For a dozen years through 2013, China’s market for gold jewelry soared by around 450%. In the three years through 2016, the market dropped by a third, before picking up last year. For gold miners and traders this is a big deal. China accounts for about 30% of global demand in the gold jewelry market.
Gold prices tumbled in 2013, with the result that China’s jewelry market demand rose from 600 metric tons (tonnes) to over 900 tonnes in 2014. Since then, demand had fallen to around 610 tonnes in 2016, before rising to around 640 tonnes last year.
The World Gold Council (WGC) reported the data Thursday in a new report on China’s market for gold jewelry: “China’s jewellery market – quietly improving.”
In a recent survey, the WGC asked Chinese women how they would spend 5,000 yuan (about $780) on jewelry. In the largest (tier 1) cities, 18% would buy gold jewelry, while 14% would buy diamond jewelry and 15% would purchase platinum. In the smaller (tiers 3 and 4) cities, 24% of women would buy gold, with just 8% choosing platinum and 12% choosing diamond jewelry.
Among 18- to 25-year-olds, only 9% would spend their 5,000 yuan on gold jewelry, compared to 31% who said they would purchase smartphones or wearable technology products. Among women older than 26, nearly a quarter (24%) would buy gold compared with 23% who would spend the money on designer fashions and 20% who would buy technology products.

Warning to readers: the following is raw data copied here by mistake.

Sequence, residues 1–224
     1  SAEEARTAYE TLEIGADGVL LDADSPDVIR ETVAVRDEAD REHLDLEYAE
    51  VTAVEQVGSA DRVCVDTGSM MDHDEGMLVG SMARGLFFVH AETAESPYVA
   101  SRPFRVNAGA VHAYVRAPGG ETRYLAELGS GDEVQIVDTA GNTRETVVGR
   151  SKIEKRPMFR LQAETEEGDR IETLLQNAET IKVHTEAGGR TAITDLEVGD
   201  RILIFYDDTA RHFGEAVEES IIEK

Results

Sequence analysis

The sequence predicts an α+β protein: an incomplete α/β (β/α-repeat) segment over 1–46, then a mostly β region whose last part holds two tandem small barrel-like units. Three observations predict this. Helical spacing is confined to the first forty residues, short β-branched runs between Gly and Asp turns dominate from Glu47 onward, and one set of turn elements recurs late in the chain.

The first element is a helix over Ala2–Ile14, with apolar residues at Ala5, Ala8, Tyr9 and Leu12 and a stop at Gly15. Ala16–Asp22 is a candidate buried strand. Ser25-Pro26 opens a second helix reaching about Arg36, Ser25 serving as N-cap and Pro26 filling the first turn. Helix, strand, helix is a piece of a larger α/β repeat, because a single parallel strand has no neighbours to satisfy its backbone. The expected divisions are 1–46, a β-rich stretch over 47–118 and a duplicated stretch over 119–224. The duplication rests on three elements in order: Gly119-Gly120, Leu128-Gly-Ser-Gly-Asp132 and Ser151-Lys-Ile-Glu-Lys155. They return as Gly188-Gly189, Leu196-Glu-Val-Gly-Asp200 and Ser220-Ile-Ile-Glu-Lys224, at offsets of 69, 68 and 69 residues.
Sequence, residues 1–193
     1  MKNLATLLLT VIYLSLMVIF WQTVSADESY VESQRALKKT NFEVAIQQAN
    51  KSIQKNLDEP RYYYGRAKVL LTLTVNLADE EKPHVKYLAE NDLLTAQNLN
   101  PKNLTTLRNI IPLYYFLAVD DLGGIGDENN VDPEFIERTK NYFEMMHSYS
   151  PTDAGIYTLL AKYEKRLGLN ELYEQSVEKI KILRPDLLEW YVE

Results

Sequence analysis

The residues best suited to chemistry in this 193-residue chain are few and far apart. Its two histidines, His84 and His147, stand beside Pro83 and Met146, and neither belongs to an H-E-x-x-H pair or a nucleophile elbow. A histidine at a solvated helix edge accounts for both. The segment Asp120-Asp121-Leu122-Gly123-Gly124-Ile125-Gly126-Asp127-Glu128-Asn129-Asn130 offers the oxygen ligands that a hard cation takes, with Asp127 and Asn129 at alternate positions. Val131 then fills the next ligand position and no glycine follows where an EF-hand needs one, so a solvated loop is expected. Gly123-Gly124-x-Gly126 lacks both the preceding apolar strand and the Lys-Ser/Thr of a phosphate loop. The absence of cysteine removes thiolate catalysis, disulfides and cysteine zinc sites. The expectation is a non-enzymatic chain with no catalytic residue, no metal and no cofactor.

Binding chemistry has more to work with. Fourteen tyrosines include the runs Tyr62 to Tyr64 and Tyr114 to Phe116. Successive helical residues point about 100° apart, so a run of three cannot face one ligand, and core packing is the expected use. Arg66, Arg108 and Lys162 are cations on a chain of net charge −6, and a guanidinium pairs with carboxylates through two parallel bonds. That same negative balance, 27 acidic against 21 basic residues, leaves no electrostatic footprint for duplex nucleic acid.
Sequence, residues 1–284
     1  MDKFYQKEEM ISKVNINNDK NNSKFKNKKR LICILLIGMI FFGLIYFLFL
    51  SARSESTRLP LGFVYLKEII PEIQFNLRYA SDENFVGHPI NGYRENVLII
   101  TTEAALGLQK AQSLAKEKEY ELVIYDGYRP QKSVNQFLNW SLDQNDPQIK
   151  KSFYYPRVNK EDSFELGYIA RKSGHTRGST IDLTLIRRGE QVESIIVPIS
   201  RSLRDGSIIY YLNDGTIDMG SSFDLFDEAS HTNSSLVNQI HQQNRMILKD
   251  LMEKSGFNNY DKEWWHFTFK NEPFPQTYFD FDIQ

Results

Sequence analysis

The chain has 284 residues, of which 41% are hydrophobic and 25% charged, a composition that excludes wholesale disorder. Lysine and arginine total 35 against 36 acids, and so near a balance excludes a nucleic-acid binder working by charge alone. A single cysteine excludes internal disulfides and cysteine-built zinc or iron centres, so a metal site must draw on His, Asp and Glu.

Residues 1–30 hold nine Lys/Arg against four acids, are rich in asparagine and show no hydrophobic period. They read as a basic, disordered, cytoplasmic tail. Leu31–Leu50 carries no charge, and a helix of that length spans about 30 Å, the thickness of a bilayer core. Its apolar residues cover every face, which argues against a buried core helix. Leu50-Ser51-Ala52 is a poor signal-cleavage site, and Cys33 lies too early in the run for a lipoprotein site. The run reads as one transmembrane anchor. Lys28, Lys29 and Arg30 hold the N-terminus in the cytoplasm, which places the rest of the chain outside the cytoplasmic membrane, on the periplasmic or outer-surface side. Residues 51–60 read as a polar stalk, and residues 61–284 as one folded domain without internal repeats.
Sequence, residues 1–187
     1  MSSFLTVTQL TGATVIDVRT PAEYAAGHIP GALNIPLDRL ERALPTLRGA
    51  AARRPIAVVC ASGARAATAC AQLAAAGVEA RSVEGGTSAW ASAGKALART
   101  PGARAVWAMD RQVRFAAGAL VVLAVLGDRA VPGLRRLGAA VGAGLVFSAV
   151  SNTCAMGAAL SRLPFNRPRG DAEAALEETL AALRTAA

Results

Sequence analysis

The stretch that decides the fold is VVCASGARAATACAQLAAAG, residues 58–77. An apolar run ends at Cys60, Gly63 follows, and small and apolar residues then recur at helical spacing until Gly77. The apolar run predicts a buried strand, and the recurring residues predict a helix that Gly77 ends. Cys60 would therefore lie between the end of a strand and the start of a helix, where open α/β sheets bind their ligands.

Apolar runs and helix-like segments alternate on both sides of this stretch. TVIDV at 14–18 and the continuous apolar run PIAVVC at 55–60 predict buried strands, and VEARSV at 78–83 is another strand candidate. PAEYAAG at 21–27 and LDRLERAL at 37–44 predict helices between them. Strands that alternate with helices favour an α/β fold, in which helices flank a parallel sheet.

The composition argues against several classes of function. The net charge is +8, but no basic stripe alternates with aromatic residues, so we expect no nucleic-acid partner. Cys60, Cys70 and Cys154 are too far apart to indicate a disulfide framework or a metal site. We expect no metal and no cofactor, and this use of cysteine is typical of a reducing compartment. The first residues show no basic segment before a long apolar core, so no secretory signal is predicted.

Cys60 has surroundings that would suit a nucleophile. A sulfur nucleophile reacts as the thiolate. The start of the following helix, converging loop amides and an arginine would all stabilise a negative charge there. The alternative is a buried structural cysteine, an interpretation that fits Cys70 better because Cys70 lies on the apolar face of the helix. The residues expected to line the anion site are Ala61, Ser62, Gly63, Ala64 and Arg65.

The Chinese market is growing by improving its product offerings. This typically means making less 24-carat expensive gold jewelry and more 18- and 22-carat jewelry that is less expensive and more fashionable. 18-carat gold mixed with copper (so-called rose-gold) is very popular.
Another growth driver is online showrooms. About a third of jewelry buyers search online for what they want but only about 4% actually complete the purchase online. Jewelers have absorbed the marketing message here and use their online stores to drive customers to their brick-and-mortar shops.
The WGC’s report on Chinese jewelry sales is available at the organization’s website.